It sounds painful, but it doesn’t have to be! Basically parenthetical documentation or in-text citations means that you are telling the reader where you got any and all information that did not come from inside your own head. This is more obvious when you are directly quoting from a source, but it is also needed when you have summarized or paraphrased from a source and even if you got an idea from somewhere else.
So how do you do it? As the names imply, you are going to put the information about the source in parentheses in the text of your paper as opposed to a footnote where the source information is at the bottom of the page or an endnote where it goes at the end of your paper. There are slight differences depending on which style you are using – APA or MLA.
Basically you only need to list the author’s last name either in the text of the paper or in parentheses at the end of the sentence and the page number(s) where you got your information. Please see the examples below for options on how this could work in your writing. Also refer to your professor and how the discipline for which you are writing uses parenthetical notation as it can differ.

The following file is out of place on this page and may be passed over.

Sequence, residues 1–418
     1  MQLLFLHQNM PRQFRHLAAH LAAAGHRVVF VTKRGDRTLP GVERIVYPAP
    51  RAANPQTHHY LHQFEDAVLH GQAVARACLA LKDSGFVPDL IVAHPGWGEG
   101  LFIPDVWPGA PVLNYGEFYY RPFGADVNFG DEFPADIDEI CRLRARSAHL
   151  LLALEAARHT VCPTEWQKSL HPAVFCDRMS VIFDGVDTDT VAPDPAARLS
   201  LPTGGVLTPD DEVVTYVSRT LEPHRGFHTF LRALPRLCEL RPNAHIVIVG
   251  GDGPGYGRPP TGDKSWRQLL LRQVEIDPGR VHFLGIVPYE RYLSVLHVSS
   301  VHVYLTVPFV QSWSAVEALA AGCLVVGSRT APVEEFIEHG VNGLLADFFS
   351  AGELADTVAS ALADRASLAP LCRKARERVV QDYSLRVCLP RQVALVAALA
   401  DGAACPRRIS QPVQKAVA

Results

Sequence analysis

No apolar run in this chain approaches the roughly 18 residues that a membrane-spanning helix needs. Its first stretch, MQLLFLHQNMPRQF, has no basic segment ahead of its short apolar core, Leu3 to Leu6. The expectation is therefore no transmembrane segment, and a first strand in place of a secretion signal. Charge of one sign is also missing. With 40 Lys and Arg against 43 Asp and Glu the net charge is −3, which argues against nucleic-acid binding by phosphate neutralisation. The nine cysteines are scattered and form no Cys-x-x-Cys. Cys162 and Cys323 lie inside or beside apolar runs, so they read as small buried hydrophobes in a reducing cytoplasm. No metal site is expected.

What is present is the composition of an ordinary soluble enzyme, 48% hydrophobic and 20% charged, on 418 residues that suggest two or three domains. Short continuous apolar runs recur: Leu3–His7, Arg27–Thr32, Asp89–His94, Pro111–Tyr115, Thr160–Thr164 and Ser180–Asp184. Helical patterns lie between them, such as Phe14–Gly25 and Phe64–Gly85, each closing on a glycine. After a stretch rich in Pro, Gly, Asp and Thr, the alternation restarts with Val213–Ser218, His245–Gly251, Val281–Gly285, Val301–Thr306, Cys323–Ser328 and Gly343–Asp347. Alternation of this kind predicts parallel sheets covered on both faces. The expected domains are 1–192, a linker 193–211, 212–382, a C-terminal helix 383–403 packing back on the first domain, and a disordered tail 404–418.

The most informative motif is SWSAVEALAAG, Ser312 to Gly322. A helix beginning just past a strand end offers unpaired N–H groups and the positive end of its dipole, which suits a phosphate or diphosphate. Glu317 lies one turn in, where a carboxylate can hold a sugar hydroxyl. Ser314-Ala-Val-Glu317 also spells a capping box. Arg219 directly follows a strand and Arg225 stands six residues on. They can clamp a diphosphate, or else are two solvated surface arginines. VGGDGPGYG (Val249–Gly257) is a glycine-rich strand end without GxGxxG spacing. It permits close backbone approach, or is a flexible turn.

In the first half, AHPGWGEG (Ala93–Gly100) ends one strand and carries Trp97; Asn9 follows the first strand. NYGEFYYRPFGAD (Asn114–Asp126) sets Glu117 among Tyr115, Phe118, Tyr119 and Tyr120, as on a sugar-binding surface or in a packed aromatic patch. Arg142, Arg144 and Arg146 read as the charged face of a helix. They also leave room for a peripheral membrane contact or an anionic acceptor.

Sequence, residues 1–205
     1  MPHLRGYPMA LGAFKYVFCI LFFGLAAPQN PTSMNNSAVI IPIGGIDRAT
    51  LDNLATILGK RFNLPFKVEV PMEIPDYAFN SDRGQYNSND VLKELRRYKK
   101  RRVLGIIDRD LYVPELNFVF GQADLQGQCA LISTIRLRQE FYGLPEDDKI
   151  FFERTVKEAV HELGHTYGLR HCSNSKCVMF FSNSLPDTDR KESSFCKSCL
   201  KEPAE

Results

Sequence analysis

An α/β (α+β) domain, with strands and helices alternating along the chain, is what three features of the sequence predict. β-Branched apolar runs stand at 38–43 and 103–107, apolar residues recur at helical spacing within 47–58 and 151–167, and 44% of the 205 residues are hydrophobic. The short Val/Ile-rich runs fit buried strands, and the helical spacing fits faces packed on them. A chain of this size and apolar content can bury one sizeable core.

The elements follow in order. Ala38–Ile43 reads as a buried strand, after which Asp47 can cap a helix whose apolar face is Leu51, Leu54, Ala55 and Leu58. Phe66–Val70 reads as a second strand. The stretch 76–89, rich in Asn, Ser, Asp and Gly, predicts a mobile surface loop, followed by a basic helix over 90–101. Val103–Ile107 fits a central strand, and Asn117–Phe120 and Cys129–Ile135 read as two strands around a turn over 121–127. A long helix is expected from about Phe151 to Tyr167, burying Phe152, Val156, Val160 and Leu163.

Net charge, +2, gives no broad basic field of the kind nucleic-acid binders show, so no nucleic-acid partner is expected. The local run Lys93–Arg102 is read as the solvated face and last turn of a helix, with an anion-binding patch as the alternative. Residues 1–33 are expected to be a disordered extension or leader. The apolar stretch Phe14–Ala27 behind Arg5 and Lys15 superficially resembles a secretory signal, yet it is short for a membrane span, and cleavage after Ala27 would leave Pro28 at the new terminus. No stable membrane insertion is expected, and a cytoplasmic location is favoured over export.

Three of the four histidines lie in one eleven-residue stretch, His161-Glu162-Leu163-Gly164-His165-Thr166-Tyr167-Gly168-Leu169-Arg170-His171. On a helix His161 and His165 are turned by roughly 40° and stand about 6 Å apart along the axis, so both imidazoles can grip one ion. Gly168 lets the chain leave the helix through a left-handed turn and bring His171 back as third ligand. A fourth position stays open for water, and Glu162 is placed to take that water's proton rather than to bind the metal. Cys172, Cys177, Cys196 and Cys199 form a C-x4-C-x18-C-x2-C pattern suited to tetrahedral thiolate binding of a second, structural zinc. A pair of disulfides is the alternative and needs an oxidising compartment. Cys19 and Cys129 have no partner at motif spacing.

Special note for literary studies students:
If your quote is longer than forty words, set it off in a block text by beginning a new line, indenting one inch, and do not add quotation marks. At the end of the quote put the period after the last word of the sentence followed by the parentheses.
**Note that the punctuation for the sentence goes AFTER the parenthesis.
Take home message: In order to avoid plagiarism, it is extremely important that you cite all words and ideas that you got from somewhere else.
Please see the following handbook on reserve in the Library for more information: MLA Handbook. 8th ed., Modern Language Association, 2016.